MRI Differences Associated with Intrauterine Growth Restriction in Preterm Infants

Christie J. Bruno, Shreyans Bengani, William A. Gomes, Mariana Brewer, Melissa Vega, Xianhong Xie, Mimi Kim, Mamta Fuloria

Research output: Contribution to journalArticle

9 Scopus citations

Abstract

Background: Preterm infants are at risk for neurodevelopmental impairment. Intrauterine growth restriction (IUGR) further increases this risk. Brain imaging studies are often utilized at or near term-equivalent age to determine later prognosis. Objective: To evaluate the association between intrauterine growth and regional brain volume on MRI scans performed in preterm infants at or near term-equivalent age. Methods: This is a retrospective case-control study of 24 infants born at gestational age ≤30 weeks and cared for in a large, inner-city, academic neonatal intensive-care unit from 2012 to 2013. Each IUGR infant was matched with 1-2 appropriate for gestational age (AGA) infants who served as controls. Predischarge MRI scans routinely obtained at ≥36 weeks' adjusted age were analyzed for regional brain volumetric differences. We examined the association between IUGR and thalamic, basal ganglion, and cerebellar brain volumes in these preterm infants. Results: Compared to AGA infants, IUGR infants had a smaller thalamus (7.88 vs. 5.87 mL, p = 0.001) and basal ganglion (8.87 vs. 6.92 mL, p = 0.002) volumes. There was no difference in cerebellar volumes between the two study groups. Linear regression analyses revealed similar trends in the associations between IUGR and brain volumes after adjusting for sex, gestational age at birth, and postconceptual age and weight at MRI. Conclusions: Thalamus and basal ganglion volumes are reduced in growth-restricted preterm infants. These differences may preferentially impact neurodevelopmental outcomes. Further research is needed to explore these relationships.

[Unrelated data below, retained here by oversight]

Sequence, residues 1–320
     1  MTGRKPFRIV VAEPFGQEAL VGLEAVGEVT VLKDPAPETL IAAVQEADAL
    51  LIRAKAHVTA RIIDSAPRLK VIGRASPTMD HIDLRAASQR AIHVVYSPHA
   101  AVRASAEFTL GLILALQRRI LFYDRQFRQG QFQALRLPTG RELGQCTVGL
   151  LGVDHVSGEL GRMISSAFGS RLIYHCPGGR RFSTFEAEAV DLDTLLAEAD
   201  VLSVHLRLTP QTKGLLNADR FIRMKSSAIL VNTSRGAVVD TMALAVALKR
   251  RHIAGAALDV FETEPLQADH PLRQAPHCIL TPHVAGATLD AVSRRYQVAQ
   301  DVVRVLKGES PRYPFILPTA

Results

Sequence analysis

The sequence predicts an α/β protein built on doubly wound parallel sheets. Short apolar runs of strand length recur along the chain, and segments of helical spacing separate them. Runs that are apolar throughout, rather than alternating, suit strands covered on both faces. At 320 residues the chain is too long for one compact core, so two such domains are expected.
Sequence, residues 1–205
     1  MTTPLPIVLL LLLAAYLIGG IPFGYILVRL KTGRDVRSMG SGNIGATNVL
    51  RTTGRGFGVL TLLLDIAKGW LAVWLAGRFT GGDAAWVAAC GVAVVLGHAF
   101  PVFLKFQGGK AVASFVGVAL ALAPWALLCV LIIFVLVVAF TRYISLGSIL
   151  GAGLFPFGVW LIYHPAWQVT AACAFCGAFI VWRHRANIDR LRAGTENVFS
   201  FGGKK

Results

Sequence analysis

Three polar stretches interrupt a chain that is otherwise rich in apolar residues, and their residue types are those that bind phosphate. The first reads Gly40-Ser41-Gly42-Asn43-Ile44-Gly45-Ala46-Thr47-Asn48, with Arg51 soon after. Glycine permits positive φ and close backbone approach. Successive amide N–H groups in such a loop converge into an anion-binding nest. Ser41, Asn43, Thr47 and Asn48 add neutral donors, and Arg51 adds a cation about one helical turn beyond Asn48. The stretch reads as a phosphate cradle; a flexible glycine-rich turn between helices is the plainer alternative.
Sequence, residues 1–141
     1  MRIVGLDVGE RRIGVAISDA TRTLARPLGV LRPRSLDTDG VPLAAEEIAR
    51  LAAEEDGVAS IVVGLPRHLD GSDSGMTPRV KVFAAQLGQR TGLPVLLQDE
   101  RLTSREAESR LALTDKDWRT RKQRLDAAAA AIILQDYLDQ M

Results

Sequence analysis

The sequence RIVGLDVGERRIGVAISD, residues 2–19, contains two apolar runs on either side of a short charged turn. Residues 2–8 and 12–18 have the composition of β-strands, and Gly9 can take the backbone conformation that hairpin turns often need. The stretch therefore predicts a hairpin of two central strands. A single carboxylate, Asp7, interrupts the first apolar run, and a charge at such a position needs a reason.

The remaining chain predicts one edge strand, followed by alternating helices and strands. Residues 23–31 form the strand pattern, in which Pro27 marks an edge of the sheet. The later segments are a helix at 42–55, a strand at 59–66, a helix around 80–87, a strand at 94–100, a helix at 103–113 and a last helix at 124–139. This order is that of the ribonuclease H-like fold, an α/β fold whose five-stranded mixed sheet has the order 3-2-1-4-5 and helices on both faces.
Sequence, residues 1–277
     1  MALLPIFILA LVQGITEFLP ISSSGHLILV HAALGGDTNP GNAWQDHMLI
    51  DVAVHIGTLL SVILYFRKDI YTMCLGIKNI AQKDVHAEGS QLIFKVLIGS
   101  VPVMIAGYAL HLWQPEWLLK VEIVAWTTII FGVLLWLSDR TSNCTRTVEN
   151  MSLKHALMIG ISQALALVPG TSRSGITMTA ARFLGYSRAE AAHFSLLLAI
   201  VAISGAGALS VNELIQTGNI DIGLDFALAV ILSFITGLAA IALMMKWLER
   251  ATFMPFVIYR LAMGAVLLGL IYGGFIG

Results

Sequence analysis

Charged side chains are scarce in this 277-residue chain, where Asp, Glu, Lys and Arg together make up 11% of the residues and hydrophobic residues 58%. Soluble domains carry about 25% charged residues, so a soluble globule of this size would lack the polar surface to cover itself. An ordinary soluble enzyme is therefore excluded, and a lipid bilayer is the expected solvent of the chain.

Original languageEnglish (US)
Pages (from-to)317-323
Number of pages7
JournalNeonatology
DOIs
StateAccepted/In press - Jan 11 2017

Keywords

  • Brain volume
  • Growth restriction
  • Neurodevelopment

ASJC Scopus subject areas

  • Pediatrics, Perinatology, and Child Health
  • Developmental Biology

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